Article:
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Discussion in 'General Satellite Discussion' started by kcolg30, May 12, 2010.
NO!!!!!!!!!!!!!!!!!!!!!!!!!! Monster's price on everything is a joke!
The signal either locks or it doesn't. Monoprice cables lock on to the signal just fine. Taking electrical measurements about what % of the signal is getting there is utterly meaningless until the signal falls below the level that the receiving end can render into an image on screen.
The % is a lot more relevant with a Dish, as you want to know how much headroom you have for rain, snow, and various atmospheric conditions to come in and weaken the signal, and still be above the cutoff where the box errors out on the signal.
I am only relating the info as it's presented by the testers. With that said, if digital were just digital then all we would need is right number on conductors connected to the correct pins and voilà, we have pristine HDTV.
Keep in mind I’m a Mechanical Engineer, with the emphasis on mechanical, but if I understand correctly it’s more complicated than simply assembling a series of digital information packets. The following is from one of the Gizmodo articles.
"Just because digital information is made up of ones and zeros it can still degrade, especially over distances.
I get this now, because it's not about the digital info just getting there, like packet data. It's video, so it's about the digital info getting there at the right time to make sense. It's also audio, and over distances, there's a greater chance that audio and video will get out of sync. The following pictures show a test that they run that measures data throughput. In the interest of brevity, I'll just say that the more those lines crowd the center, the greater the risk of having crappy video."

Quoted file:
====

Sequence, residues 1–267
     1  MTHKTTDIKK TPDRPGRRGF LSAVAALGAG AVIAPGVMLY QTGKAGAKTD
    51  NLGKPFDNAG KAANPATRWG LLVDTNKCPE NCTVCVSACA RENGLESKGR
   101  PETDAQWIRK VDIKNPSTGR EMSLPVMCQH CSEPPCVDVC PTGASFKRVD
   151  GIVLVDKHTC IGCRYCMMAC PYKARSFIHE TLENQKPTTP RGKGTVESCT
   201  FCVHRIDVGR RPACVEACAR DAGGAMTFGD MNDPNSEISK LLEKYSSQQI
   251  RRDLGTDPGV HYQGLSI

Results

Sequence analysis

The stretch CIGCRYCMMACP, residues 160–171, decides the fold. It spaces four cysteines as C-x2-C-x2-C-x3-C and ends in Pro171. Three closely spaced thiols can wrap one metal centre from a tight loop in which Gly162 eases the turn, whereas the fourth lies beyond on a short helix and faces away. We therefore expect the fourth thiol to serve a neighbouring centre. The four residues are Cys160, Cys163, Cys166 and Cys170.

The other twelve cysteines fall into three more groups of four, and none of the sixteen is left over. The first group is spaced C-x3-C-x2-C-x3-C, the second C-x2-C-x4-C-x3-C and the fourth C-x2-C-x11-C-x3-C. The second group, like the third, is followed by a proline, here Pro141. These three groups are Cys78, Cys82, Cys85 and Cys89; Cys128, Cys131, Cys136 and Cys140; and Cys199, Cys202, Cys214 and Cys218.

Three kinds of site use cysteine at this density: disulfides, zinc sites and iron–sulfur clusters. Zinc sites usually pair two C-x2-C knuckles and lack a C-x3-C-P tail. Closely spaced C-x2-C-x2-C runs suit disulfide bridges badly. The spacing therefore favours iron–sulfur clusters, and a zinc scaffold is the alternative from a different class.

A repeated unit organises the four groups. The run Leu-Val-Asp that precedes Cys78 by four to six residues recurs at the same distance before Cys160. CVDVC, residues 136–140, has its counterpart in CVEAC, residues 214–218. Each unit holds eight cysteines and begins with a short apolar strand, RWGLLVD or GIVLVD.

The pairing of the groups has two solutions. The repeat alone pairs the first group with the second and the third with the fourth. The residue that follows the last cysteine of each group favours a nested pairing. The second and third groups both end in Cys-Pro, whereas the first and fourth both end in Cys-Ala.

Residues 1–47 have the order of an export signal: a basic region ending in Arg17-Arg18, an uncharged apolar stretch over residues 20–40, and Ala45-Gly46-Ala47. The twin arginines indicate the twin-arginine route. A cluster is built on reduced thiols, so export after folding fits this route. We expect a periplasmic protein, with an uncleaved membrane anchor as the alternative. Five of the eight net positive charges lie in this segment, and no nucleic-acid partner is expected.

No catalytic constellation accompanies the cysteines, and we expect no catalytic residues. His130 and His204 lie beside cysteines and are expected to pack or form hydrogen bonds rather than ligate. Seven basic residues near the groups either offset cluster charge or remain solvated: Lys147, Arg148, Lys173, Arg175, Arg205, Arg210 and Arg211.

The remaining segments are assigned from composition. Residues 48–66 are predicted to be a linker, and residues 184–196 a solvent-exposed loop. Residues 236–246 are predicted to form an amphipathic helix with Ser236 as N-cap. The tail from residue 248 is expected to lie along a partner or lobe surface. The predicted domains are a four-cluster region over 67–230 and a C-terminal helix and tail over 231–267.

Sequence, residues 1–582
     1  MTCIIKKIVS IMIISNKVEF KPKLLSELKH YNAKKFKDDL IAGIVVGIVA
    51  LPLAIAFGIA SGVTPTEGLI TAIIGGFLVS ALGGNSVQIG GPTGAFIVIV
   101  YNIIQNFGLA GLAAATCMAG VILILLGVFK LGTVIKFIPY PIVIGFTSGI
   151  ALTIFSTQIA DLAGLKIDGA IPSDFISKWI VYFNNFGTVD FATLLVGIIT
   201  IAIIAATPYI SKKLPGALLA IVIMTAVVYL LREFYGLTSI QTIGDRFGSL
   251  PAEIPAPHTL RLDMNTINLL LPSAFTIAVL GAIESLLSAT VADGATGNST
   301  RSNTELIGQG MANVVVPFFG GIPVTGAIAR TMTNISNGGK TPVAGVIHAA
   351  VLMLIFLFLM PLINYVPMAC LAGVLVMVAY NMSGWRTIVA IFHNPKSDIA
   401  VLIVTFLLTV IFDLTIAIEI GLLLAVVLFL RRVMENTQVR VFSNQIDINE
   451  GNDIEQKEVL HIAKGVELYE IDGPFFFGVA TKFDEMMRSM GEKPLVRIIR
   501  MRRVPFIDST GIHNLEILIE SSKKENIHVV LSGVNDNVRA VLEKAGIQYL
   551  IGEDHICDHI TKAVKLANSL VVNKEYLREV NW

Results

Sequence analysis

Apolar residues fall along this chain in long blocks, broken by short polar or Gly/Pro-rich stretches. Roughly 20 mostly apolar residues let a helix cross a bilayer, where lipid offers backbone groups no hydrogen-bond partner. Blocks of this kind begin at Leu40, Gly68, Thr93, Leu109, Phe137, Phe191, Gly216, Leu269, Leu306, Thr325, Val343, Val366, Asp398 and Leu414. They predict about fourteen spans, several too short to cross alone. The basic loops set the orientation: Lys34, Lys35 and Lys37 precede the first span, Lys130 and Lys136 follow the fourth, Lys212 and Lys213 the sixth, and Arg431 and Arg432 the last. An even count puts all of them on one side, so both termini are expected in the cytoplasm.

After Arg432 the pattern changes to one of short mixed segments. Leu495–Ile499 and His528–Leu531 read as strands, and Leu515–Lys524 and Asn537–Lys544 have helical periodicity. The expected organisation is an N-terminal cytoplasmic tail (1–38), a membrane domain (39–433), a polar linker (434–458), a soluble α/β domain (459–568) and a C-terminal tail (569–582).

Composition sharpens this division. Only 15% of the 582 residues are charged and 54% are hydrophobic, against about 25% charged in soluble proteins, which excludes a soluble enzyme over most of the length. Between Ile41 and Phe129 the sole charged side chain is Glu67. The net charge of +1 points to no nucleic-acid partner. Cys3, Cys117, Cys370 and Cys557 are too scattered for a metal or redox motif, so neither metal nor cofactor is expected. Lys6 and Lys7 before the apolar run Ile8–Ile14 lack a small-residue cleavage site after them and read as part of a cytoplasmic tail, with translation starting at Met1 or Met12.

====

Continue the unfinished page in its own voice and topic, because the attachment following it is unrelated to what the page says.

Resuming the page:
According to those who say “digital is digital” this is a complete and total lie. Well, it’s a “lie” that’s I’ve run into many times when researching HDMI cables. In the Gizmodo article they didn’t seem to be measuring signal percentages but rather wave forms, their positions, and separations. Honestly, I don’t have a clue what I’m looking at in those pictures but from all the various write ups I’ve read signal degradation has an effect on picture/audio quality. Yet, you and others maintain there is ZERO change in PQ until the TV can no longer “render into an image on screen”; IOW, pristine or nothing. :shrug:
Am I incorrect in my interpretation of the following article when it seems to me that they’re clearly saying, and demonstrating, that as the signal degrades so does the PQ?
No. I am not claiming that they of poor quality...just not superior to other similar products from Monoprice, Blue Jeans, etc.
Very simple. Monster is run by thugs with no business ethics.
I agree that for longer runs, running through walls etc you need to be more careful on your cabling. It's not just Monsters price, its the litigious nature. If it's true they sued Fenway Park over the Green Monster, or Disney for Monster's Inc., that's going too far. But at least those are big companies with money. If Blue Jeans Cable weren't run by a former attorney, it could have ruined them, just in cost. Monster certainly had no right to win on the merits.